The ease with which 12 Congress MLAs have defected to the TRS raises troubling questions
Telangana Assembly Speaker Pocharam Srinivas Reddy’s decision to endorse the merger of a 12-member group of legislators from the Congress with the ruling Telangana Rashtra Samithi may be technically justified under the Tenth Schedule of the Constitution. They constitute the requisite two-thirds of the 18-member Congress Legislature Party. But this orchestrated decimation of the Opposition in the 120-member legislature does not bode well. With this, the TRS’s strength has gone up to 103. It had won 88 seats in the 2018 elections, but three MLAs — an Independent and one each from the Telugu Desam Party and the All India Forward Bloc — defected to its fold recently. These actions seem aimed to reduce the Opposition’s ability to act as a check. Defections are not uncommon despite the stringent conditions of the anti-defection law. But coming so soon after the Assembly elections, and devoid of a point of principle, they raise disturbing questions about the ideological and programmatic cohesiveness of the Congress. MLAs need not be tied to party satraps and should assert their individuality in law-making — but it is dishonesty to switch sides after being elected on a party ticket when the only plausible objective is to grab the loaves of power. That there is no ideological distinctiveness to political representation in States such as Telangana has made it possible for defections to happen rampantly. In an ideology-lite polity, the MLAs seem to see no benefit in meaningfully representing their constituents, and find it rewarding to align with the ruling party for the purposes of patronage.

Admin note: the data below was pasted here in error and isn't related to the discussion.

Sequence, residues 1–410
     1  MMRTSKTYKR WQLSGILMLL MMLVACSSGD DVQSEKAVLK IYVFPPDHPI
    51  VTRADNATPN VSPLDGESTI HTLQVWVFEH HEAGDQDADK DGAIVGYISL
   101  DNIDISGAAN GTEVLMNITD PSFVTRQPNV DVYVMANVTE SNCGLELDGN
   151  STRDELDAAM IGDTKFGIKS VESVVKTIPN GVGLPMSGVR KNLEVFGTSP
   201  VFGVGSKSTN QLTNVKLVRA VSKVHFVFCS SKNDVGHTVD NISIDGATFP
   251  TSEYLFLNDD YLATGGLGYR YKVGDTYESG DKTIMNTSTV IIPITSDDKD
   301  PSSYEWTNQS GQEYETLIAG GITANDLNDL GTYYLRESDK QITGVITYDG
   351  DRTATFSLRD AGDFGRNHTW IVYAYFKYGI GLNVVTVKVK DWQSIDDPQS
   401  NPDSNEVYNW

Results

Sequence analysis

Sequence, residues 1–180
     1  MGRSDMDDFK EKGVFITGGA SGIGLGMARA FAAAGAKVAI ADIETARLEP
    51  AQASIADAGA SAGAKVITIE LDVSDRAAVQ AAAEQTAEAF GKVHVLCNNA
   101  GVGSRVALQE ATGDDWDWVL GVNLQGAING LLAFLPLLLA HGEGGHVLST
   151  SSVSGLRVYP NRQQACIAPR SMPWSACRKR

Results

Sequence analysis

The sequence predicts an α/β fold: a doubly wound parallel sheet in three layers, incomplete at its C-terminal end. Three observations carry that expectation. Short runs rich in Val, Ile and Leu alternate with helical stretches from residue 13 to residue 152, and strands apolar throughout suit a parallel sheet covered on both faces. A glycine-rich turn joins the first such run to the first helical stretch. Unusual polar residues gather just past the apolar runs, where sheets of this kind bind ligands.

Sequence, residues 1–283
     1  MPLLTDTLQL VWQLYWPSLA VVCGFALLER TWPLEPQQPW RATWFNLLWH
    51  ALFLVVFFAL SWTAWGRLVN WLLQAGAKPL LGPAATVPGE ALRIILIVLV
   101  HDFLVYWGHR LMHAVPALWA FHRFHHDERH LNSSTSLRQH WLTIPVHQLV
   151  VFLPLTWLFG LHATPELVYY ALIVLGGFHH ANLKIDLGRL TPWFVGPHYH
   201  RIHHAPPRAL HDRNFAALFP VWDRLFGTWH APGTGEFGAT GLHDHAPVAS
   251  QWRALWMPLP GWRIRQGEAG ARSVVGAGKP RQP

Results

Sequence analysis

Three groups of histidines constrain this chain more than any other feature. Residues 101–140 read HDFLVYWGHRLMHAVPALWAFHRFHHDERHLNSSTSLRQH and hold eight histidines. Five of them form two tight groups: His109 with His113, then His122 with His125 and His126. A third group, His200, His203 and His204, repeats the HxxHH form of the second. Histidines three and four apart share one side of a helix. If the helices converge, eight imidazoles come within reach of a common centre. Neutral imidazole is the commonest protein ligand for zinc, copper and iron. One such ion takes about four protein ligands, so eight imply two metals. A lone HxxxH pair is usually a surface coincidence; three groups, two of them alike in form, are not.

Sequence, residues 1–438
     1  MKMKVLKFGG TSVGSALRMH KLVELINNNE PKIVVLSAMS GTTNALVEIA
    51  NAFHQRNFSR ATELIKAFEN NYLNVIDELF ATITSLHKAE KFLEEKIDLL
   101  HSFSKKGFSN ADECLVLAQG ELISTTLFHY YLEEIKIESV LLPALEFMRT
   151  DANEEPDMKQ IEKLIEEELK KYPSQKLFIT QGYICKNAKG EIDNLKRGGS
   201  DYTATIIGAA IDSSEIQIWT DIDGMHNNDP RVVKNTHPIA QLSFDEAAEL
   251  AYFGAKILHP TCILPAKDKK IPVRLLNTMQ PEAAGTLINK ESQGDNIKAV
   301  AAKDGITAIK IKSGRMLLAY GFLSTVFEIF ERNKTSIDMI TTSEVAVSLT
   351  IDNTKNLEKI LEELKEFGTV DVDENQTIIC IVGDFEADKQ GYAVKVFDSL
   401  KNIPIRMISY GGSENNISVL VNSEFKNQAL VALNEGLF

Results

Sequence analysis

The anti-defection law, that calls for disqualification unless defecting legislators are part of a group that constitutes at least two-thirds of the legislative strength of a party and that merges with another party, was enacted to prevent such machinations. However, defectors have found ways to work around the law to avoid disqualification. Dramatic shifts in allegiances by elected MLAs have been a concern in Andhra Pradesh and Telangana, among other States. In many cases, even if the two-thirds rule has been flouted, the authority given to the Speaker, who is invariably from the ruling dispensation, has enabled dubious calls. This decision-making structure has also allowed blatant defections to be ignored, as seen in Goa and Manipur, among other States. In such cases, the Speaker has acted less as a constitutional authority and more as a partisan party loyalist. It is time to reconsider the anti-defection law’s procedural implementation and to vest the power on decisions over mergers of groups and disqualifications of legislators with an institution such as the Election Commission. This could well bring about a more strict and objective implementation of the anti-defection law.